One of the best star shows of the year will reach its peak Saturday. Astronomy experts predict this year’s Perseid meteor shower will produce up to 60 meteors an hour at the peak.
Observing the shower will be difficult because of the full moon that night. The glare of the moon will hide the fainter meteors. The moon is expected to rise at 7:39 p.m. Friday. The best viewing opportunities will be in the early morning hours early this week.
Because the moon will be so bright, it will be important for observers to find as dark a viewing location as possible. Locations such as Sunrise Point and Kautz Creek at Mount Rainier National Park, or Mima Mounds near Littlerock, are good choices. Other options are Penrose Point and Kopachuck state parks, the area along Old Highway 99 between Tenino and Interstate 5 and the Yelm Prairie area.
How do you know whether you’ve found a good spot? If you can see each star of the Little Dipper, your eyes have adapted to the night and your chosen site is probably dark enough, according to the McDonald Observatory website, stardate.org. Under those conditions, you will see plenty of meteors.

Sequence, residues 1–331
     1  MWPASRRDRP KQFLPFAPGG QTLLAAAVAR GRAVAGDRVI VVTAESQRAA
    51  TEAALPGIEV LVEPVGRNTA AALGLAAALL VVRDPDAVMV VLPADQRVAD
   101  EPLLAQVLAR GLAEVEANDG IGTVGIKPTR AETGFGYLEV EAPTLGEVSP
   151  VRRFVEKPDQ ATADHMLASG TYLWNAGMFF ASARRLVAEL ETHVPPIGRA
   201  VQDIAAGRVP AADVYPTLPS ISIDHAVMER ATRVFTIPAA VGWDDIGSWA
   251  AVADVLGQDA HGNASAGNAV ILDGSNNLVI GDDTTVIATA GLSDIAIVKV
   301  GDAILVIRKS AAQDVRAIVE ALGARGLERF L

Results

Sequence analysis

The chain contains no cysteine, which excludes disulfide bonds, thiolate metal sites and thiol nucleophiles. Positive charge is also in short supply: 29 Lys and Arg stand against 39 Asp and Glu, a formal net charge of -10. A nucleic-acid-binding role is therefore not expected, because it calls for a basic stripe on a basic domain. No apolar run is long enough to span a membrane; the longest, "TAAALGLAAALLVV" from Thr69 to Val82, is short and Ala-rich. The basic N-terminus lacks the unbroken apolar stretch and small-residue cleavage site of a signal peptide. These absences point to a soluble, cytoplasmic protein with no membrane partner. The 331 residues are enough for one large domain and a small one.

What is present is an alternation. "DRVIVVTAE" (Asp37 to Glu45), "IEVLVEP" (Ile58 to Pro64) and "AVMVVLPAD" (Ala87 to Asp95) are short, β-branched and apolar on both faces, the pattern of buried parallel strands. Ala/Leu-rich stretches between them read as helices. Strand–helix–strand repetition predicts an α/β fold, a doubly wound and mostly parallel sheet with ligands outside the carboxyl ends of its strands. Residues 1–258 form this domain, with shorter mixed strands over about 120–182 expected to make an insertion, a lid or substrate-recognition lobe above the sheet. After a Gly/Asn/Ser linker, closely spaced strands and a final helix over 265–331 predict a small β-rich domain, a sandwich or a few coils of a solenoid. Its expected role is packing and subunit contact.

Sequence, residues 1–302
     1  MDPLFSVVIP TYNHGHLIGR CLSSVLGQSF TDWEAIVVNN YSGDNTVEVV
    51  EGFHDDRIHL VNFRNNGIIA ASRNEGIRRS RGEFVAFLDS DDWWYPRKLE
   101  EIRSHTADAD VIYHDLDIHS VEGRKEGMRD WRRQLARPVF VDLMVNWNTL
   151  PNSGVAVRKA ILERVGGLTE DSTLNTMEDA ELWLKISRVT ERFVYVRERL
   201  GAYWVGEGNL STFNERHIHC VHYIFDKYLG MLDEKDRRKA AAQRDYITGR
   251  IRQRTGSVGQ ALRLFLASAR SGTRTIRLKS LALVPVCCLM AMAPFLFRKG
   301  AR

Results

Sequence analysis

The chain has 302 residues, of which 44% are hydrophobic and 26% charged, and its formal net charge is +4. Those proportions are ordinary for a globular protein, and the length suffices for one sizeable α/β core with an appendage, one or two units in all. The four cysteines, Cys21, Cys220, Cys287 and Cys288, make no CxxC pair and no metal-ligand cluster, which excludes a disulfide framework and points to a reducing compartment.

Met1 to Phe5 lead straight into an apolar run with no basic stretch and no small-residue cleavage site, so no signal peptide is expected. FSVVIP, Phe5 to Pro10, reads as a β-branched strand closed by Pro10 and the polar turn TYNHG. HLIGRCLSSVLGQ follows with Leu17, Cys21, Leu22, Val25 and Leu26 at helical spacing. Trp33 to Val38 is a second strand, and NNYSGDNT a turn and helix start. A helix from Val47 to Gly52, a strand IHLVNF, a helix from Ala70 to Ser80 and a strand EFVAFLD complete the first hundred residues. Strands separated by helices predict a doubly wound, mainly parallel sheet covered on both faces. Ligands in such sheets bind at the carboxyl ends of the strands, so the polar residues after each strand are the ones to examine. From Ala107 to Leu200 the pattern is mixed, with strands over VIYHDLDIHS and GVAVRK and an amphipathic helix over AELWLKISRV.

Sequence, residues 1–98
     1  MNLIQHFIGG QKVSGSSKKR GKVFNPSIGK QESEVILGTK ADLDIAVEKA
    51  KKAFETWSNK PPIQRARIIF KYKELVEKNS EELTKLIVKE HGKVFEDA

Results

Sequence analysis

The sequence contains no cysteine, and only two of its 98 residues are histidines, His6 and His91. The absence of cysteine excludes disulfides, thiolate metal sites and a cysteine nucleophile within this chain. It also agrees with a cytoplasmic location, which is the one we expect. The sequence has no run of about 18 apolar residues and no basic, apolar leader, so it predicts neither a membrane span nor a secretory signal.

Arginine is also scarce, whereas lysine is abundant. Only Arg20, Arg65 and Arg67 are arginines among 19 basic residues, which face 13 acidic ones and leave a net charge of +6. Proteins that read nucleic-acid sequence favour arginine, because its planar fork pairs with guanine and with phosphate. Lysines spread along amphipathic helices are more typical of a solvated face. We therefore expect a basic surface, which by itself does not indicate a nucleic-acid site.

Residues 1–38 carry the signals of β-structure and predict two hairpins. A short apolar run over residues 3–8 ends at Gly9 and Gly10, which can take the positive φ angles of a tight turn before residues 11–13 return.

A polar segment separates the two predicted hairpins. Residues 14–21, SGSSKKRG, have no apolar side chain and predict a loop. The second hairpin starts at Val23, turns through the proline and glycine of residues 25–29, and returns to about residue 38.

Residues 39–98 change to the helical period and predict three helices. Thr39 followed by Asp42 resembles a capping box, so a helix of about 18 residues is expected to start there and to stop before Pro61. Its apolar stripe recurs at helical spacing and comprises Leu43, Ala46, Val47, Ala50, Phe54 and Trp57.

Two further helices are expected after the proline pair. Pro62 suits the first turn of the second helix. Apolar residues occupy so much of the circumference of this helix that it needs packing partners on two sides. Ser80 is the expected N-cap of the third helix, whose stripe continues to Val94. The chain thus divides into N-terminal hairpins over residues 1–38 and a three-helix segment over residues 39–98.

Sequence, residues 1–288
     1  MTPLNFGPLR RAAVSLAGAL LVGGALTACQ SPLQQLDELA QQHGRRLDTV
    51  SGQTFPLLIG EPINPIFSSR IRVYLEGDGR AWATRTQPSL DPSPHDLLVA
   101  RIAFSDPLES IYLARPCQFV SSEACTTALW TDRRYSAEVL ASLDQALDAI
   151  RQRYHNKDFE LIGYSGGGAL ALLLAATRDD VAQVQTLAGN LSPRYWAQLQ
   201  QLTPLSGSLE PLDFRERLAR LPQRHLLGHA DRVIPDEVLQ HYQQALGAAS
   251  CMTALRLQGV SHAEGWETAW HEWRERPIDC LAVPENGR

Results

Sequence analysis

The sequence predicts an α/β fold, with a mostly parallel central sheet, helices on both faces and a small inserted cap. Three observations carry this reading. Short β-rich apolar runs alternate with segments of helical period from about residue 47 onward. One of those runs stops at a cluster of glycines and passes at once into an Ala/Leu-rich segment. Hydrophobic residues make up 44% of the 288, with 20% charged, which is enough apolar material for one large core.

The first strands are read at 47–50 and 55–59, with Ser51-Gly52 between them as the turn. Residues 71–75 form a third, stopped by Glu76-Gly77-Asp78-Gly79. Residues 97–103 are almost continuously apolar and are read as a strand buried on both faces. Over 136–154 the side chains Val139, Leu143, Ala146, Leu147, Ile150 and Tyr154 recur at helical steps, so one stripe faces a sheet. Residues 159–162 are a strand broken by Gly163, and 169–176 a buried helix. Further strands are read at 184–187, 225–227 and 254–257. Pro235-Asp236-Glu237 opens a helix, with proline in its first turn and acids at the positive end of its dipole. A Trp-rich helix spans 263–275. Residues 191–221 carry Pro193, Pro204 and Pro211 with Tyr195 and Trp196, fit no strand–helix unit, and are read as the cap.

You’ll want a clear view to the north-northeast. The meteors will look like they are coming from the constellation Perseus.
If you can’t get out that night, you can still see meteors now through Aug. 22. If you head out now, you might also catch the lesser-known Delta Aquarid meteor shower, which peaked Friday. Early morning is the best time to view this meteor shower.
The meteor shower is created when the Earth passed through the debris cloud left by the comet Swift-Tuttle.